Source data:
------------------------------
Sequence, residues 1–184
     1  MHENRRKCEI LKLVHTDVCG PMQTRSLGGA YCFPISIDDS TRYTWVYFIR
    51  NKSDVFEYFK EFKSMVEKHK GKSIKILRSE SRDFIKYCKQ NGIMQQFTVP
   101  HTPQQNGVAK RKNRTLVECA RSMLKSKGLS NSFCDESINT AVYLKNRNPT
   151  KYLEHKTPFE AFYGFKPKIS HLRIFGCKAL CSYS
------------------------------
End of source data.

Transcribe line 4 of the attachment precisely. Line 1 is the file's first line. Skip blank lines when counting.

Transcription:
   101  HTPQQNGVAK RKNRTLVECA RSMLKSKGLS NSFCDESINT AVYLKNRNPT